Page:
The United States plans to expand U.S. Customs and Border Protection preclearance operations to ten foreign airports in nine countries, Jeh Johnson, secretary of Homeland Security said Friday.

The U.S. is beginning negotiations for preclearance programs at Brussels Airport, Belgium; Punta Cana Airport, Dominican Republic; Narita International Airport, Japan; Amsterdam Airport Schipol, Netherlands; Oslo Airport, Norway; Madrid-Barajas Airport, Spain; Stockholm Arlanda Airport, Sweden; Istanbul Ataturk Airport, Turkey; and London Heathrow Airport and Manchester Airport, United Kingdom. Last year, nearly 20 million passengers traveled from these ten airports to the US.

Preclearance means travelers go through immigration, customs, and agriculture inspection by a CBP officer before boarding a direct flight to the United States. CBP officers stationed abroad do the screening, which conform to U.S. security screening standards.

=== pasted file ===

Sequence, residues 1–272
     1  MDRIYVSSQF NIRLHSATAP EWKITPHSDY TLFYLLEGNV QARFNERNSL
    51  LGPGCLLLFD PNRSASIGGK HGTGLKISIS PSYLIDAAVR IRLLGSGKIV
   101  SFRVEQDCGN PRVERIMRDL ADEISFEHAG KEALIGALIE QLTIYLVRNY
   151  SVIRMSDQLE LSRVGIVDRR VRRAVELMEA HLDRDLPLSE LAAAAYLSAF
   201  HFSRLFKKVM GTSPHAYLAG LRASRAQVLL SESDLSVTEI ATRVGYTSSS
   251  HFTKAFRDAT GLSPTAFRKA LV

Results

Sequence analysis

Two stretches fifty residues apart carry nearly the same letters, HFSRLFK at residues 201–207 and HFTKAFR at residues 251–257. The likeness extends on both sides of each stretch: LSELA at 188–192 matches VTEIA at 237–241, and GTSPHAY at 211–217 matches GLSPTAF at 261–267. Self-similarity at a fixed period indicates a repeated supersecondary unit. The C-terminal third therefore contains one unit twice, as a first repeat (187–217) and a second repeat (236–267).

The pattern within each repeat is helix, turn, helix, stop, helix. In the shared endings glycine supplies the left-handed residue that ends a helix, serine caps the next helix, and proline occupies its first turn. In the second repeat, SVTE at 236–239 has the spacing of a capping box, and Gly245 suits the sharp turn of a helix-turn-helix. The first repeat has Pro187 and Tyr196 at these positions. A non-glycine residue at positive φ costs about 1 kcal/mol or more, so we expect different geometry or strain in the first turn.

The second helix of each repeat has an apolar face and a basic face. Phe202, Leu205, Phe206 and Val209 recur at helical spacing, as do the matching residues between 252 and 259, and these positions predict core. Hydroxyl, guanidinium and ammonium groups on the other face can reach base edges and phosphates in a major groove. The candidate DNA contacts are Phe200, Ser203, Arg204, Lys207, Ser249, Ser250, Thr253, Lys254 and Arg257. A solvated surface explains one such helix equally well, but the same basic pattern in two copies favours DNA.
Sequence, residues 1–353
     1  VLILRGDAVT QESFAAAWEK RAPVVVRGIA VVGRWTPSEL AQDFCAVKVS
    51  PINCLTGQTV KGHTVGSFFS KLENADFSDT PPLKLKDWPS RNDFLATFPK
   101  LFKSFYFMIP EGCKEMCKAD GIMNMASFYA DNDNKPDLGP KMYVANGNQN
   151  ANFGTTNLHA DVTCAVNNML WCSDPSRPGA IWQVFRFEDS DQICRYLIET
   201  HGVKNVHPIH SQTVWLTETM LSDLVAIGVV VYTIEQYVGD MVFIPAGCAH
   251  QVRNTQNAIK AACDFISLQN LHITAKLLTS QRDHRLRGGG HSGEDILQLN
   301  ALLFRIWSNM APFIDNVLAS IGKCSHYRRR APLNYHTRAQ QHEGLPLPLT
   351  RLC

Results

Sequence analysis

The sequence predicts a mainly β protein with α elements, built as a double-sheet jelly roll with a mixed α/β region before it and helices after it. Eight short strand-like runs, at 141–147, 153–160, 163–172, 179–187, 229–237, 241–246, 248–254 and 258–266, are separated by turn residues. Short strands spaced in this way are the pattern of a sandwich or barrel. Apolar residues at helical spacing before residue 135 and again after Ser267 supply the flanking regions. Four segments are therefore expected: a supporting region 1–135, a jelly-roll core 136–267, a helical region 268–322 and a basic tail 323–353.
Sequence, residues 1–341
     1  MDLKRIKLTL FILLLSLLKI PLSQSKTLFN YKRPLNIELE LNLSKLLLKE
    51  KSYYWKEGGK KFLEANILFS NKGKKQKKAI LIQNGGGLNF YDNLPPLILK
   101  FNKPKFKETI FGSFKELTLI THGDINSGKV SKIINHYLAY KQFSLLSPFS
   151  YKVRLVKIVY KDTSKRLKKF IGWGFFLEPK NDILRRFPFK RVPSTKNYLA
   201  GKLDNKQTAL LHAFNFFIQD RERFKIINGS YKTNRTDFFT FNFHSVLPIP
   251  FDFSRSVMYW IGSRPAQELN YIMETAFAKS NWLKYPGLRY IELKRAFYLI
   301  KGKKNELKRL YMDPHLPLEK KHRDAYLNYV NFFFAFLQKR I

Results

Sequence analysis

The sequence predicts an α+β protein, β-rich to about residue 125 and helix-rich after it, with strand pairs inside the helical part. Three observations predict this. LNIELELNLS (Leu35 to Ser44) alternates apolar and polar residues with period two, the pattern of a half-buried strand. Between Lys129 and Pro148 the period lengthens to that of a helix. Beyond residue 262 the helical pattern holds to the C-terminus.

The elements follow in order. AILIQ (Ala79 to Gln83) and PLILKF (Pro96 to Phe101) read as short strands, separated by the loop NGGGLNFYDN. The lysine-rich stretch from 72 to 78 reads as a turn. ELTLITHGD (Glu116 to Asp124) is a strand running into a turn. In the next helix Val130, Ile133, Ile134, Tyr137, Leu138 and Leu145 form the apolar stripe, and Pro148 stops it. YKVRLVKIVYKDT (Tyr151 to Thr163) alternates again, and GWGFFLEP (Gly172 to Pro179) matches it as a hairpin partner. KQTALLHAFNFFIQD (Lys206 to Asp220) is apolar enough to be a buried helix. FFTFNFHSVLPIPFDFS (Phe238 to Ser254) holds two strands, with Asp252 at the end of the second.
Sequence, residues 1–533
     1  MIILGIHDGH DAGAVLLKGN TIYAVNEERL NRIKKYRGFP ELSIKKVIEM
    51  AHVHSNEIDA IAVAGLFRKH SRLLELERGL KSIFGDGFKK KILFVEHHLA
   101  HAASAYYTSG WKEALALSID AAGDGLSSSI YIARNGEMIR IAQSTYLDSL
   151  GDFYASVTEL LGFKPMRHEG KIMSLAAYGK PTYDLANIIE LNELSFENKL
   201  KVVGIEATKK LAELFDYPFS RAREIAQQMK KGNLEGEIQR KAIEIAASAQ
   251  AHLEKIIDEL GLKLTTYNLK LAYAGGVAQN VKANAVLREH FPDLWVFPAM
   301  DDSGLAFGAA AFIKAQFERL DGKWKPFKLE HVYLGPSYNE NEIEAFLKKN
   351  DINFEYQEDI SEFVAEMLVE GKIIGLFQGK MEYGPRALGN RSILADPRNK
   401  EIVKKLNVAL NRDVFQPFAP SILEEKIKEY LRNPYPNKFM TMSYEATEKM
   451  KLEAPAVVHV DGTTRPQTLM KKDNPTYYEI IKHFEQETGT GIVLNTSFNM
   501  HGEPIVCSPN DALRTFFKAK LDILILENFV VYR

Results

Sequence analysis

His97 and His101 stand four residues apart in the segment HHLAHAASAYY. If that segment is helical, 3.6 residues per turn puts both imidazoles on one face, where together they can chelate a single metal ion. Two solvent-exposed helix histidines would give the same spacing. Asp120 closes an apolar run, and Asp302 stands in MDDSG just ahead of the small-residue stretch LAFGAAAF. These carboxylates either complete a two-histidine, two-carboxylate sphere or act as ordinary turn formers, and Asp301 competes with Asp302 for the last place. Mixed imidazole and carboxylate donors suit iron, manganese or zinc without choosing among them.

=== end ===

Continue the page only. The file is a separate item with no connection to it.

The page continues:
The U.S. already has preclearance facilities in 15 overseas airports. These include Dublin and Shannon in Ireland; Aruba; Freeport and Nassau in The Bahamas; Bermuda; Calgary, Toronto, Edmonton, Halifax, Montreal, Ottawa, Vancouver, and Winnipeg in Canada; and Abu Dhabi, United Arab Emirates. Last year, CBP cleared over 16 million passengers through these preclearance locations.

“CBP’s preclearance operations are an important step in the U.S. government’s effort to prevent terrorism from coming to our borders,” said CBP Commissioner R. Gil Kerlikowske.

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